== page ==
STATE OF THE FRANCHISE
The Clippers severed all ties with Mike Dunleavy last March, bringing in Neil Olshey to handle the general manager duties and Vinnie Del Negro to serve as head coach. The new regime attempted to make a major splash when LeBron James met with Olshey and president Andy Roeser to hear their pitch, but LBJ ultimately chose to take his talents to South Beach. Steve Blake signed with the Lakers, Travis Outlaw joined the Nets, and Drew Gooden was lured away by the Bucks, while Ryan Gomes, Randy Foye and Brian Cook were signed by the Clippers, much to the chagrin of owner Donald Sterling. Blake Griffin’s fractured patella has healed completely, and he has been participating at 100 percent in pickup games with his teammates. The Clippers drafted Al-Farouq Aminu with the eighth overall pick in the 2010 NBA Draft, traded a future first-round pick to Oklahoma City for the rights to Eric Bledsoe, the 18th overall pick, and used their second-round selection to draft Willie Warren. Marques Blakely, out of the University of Vermont, was later signed as an undrafted free agent. Griffin and Eric Gordon are young players with promising careers ahead of them, but the oft-injured Chris Kaman and Baron Davis are hard to rely on as core blocks for a team looking to compete for a playoff spot. The Clippers will likely flounder near the bottom of the Western Conference standings once again, and Del Negro will scratch and claw to keep them competitive with the less than stellar roster he’s been given.
PLAYING TIME DISTRIBUTION
Operating on the assumption that Del Negro continues to dole out minutes in an eight- to nine-man rotation like he often did as the Bulls’ head coach, Clippers starters should each receive between 33-37 minutes per game. That means Davis, Gordon, Griffin, Kaman and probably Gomes should play roughly that amount this season. Gordon played 36 minutes per game in 2009-10 and was the only player on the Clippers’ roster to average over 34 minutes per game, but Del Negro doesn’t have any problem playing his starters big minutes. DeAndre Jordan should get about 22 minutes per night backing up Kaman and Griffin. Rasual Butler will likely find a way to carve out 20 minutes in the rotation between backing up the small forward and shooting guard spots. Randy Foye should see about 20 minutes per game backing up the point guard and shooting guard slots. The remaining minutes should go to Craig Smith on most nights. Del Negro isn’t afraid to play rookies, as we saw with Taj Gibson last year, but he has a short leash with them when they make mental mistakes. Unless, Bledsoe, Aminu, Warren or Blakely play nearly mistake-free basketball, they aren’t likely to see much floor time this season. The Clippers’ talented rookies will be spending most of their time on the bench with veteran Brian Cook and whoever else they decide to keep out of the warm bodies they’re bringing into training camp.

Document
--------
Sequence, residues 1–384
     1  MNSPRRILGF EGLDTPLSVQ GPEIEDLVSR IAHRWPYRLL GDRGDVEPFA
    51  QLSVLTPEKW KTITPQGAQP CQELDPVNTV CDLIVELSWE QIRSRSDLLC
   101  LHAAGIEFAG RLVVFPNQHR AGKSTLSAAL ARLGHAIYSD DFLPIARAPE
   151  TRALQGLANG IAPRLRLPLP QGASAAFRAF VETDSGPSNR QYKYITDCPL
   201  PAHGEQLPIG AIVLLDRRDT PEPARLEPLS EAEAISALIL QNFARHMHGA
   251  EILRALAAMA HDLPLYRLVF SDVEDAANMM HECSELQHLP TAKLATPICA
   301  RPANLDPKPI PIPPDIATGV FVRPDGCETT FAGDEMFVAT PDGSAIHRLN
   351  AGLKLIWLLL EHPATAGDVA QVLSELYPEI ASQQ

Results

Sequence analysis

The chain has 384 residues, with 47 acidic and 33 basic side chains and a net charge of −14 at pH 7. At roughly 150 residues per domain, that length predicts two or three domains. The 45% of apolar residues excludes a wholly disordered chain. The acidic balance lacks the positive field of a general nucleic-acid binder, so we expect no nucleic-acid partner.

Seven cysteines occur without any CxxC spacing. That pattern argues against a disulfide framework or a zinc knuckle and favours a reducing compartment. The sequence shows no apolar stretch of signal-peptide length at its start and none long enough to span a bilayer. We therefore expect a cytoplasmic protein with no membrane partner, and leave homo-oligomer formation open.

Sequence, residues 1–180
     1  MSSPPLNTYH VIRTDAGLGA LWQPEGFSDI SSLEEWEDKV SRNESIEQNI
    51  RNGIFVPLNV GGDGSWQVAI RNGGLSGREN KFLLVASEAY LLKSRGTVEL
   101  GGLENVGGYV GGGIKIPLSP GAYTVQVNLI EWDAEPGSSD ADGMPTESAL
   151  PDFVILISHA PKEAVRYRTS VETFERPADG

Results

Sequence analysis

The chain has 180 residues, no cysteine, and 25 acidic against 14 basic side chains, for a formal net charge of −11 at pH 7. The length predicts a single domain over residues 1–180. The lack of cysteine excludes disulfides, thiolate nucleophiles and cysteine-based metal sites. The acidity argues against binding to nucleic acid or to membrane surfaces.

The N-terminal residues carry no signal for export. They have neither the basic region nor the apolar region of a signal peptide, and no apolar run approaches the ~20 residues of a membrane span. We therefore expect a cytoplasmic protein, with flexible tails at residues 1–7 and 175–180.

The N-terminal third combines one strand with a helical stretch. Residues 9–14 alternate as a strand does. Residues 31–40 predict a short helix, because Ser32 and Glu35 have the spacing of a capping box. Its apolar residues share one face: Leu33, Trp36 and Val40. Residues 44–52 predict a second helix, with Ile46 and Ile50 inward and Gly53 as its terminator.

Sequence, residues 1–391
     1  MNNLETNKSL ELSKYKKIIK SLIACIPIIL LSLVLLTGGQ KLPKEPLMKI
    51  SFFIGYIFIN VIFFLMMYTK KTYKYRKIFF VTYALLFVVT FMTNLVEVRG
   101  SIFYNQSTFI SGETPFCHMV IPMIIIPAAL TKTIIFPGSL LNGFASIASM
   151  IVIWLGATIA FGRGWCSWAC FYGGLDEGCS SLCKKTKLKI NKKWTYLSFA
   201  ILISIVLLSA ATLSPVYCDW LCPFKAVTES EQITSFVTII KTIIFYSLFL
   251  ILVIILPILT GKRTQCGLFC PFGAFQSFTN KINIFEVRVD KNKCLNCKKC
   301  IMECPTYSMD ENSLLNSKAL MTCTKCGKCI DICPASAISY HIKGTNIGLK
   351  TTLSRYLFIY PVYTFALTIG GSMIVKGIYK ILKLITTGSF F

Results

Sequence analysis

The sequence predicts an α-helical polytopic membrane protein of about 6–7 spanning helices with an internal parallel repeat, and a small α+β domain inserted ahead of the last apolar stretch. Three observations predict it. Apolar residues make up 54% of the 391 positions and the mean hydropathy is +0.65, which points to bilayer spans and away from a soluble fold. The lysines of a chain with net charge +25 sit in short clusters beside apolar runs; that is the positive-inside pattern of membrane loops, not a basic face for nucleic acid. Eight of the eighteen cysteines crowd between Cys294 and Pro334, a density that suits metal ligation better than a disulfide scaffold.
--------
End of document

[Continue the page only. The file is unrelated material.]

Chris Kaman: After two injury-riddled seasons in which he played a total of 87 games, Kaman displayed remarkable durability by playing in 76 games in 2009-10. He may slip a little in drafts due to a general perception of being injury-prone, but don’t let him fall too far. Kaman will start at center this season and share the frontcourt with Griffin. Marcus Camby isn’t there to block shots anymore, so Kaman will likely be asked to step up in that capacity and take on a more defensive role. His blocks, rebounds and field goal percentage could improve, but it may come at the expense of his totals on the offensive end.
DeAndre Jordan: Jordan remains stuck behind Kaman on the depth chart, and his value will remain limited unless Kaman or Griffin misses time with a significant injury. He has the ability to put up gaudy rebound, block and field goal percentage numbers, but he can also hurt fantasy teams with his poor free throw shooting.
Blake Griffin: The Clippers will only go as far Griffin can take them this season. As the first overall pick of the 2009 NBA Draft, Griffin came into the league amid much fanfare, but his NBA debut had to be put on hold after he fractured his patella in the Clippers’ final preseason game before the start of the 2009-10 season. However, his kneecap has fully healed, and he’ll be ready to go at full speed in the preseason and prowl the paint for the Clippers as their starting power forward. Despite the bluster surrounding Griffin’s out-of-this-world athletic ability, he does possess some deficiencies in his overall game that will limit his impact in fantasy. He doesn’t shoot remarkably well from the free throw line, and he doesn’t block many shots. Virtually all of Griffin’s initial value will come from his scoring and rebounding totals. Managers would do well to temper their expectations for Griffin in his rookie season, and let someone else reach for the ballyhooed young player.